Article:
Future’s unmistakable voice and “old man” drawl has rewritten the rules for contemporary urban club music, even in the wake of the post-T-Pain / “Death Of Autotune” landscape. Upon first listen to any one of his tracks, our usual response is something like, “This is awful!”, however, in the end, Future’s hypnotic vocals eventually draw us in, and the next thing we know, we’re dumbing out to “I Woke Up In A New Bugatti!!!” Guilty as charged.
A second-generation member of The Dungeon Family, the same collective that brought us names like Outkast, Goodie Mob, and Sleepy Brown, Future is a ATLien through-and-through, despite taking a more ignorant approach to his music than his forefathers. In his defense, he does have a way of engaging the listener with his crooning, however filtered and autotuned it may be.
From the onset, he kicks the album off with “Look Ahead”, produced by The Runners, a sort of inspirational opener that meshes his stuttered raps with sampled female indie rock vocals. The energy is kept high with tracks like “T-Shirt” and “Covered N Money”, which as base and dumbed down as they are, you can’t help but bounce to, even if it’s tuesday afternoon at the office.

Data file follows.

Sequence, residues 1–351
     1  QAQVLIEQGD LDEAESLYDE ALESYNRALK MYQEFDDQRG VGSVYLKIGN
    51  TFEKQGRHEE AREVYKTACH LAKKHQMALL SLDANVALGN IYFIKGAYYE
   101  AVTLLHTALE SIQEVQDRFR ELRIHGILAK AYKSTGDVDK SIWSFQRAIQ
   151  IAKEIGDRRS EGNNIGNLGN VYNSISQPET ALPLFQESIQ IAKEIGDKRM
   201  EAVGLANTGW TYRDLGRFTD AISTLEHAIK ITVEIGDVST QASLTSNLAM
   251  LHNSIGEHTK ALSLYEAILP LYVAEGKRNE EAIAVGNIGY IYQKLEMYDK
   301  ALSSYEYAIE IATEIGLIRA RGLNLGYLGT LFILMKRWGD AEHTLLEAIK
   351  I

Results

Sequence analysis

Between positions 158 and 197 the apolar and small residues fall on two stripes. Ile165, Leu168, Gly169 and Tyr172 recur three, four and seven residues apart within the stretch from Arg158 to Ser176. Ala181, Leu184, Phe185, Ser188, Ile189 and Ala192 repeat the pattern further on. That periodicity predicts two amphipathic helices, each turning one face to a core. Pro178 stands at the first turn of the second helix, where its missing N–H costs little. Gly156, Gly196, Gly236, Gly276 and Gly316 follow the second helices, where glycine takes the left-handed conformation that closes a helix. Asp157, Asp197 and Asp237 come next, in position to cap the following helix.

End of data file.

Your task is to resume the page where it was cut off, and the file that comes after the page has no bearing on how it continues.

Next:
That’s Future’s main talent, ensnaring you into his world, whether you are into his shit or not. This is most evident on “Move That Dope”, by far the album’s best cut. It shines not only because of the show-stealing verses from Pusha T and Pharrell, but also Future’s viral hook and a sticky beat that sounds like it was mined from the crates of Dr. Octagon.
Surprisingly, Future’s strongest moments are his “slow jams”, for lack of a better term. Much like Beyonce’s “Drunk In Love”, which he had a hand in, songs like “Honest”, “I Be U”, and even the Kanye assisted “I Won”, reel you right in. The weakest of these however is “Never Satisfied”, featuring Drake, mainly because it ends before it should, clocking in at 1:57. These two huge artists together on one track and nobody could stretch it out with an extra verse?
But Future’s a singer first and rapper second, and he is constantly outshined by his guests. When guys like Andre 3000 (“Benz Friendz”), Pusha T, or even Pharrell make their appearances, the difference in quality is night and day. That’s not to say that Future’s contributions are devalued; he is the glue that holds many of these tracks together, yet as a rapper it’s hard for him to hold is own next to the true-blue emcees.
Future’s Honest lives up to its title, especially on its closing cut, “Blood Sweat & Tears”, which gives us a fleeting look inside his soul, as he confesses how much of each of these substances he has poured into his music. And that deserves respect, whether you like him or not.
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